A kidnapped boy disrupts a small Connecticut town’s holiday season.
As harassing calls and death threats attest, Idyll doesn’t appear entirely ready for a gay chief of police in 1997. After nearly a year, Chief Thomas Lynch, a former NYC homicide detective, still doesn’t feel quite comfortable in his rural community despite its Christmas-card charm. When 6-year-old Cody Forrand vanishes in the snow, Lynch tries to focus on the job and not the fallout from coming out to his staff. A rare neurological condition that makes Cody impervious to pain means he won’t know when he’s getting too cold for safety even if he has, as his parents hope, simply gone outside to play. As hours pass, worry mounts that the boy was abducted, and Lynch loses points for not organizing a more effective search party and not calling in a rescue dog he didn’t know the staff had. Cody’s sudden reappearance outside a grocery store in a Hartford suburb raises more questions than it answers. His memories of being lured into a car by a person disguised as his favorite TV hero are blurred and perhaps not even accurate thanks to the drugs he was dosed with. What’s even more puzzling is that the kidnapper took him farther south before turning north again and dumping him. Even after Cody’s safe return, Lynch still hopes to find the perp—and to solve the case of a candy store break-in, collar an arsonist, and discover who spray-painted FAG on his Crown Vic. Then Cody disappears again. With the help of the FBI, including a handsome agent who takes more than a professional interest in Lynch, and clues ranging from a car with an “old lady” smell to an ill-fitting mask and a cocker spaniel puppy, Lynch begins to think the unthinkable about the second kidnapping.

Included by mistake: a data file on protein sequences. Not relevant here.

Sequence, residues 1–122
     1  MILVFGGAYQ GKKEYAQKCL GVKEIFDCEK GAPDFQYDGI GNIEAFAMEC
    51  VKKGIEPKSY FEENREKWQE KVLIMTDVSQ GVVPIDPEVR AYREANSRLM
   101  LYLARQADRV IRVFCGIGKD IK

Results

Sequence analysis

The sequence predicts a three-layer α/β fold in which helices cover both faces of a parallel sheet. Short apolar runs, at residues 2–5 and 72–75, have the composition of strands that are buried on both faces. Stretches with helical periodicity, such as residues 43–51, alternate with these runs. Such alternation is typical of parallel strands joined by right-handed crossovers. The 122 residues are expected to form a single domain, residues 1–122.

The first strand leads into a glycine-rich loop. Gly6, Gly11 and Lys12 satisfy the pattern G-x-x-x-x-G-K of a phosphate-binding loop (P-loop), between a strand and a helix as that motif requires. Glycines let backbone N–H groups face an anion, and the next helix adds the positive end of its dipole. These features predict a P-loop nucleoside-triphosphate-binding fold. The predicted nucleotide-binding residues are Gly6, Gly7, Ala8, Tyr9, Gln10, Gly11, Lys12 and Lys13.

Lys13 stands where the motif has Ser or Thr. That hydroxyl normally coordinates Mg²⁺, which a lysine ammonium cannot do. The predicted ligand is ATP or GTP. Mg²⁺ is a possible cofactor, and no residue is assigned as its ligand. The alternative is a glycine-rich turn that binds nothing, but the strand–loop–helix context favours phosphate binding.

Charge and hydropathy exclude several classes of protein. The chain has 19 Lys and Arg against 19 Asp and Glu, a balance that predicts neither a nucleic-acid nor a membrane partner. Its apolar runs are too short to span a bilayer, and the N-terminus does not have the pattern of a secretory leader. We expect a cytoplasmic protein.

Hobbled only by a monotonously terse style, Gayle’s follow-up to Idyll Threats (2015) is believable in both characterization and the ebb and flow of police detection.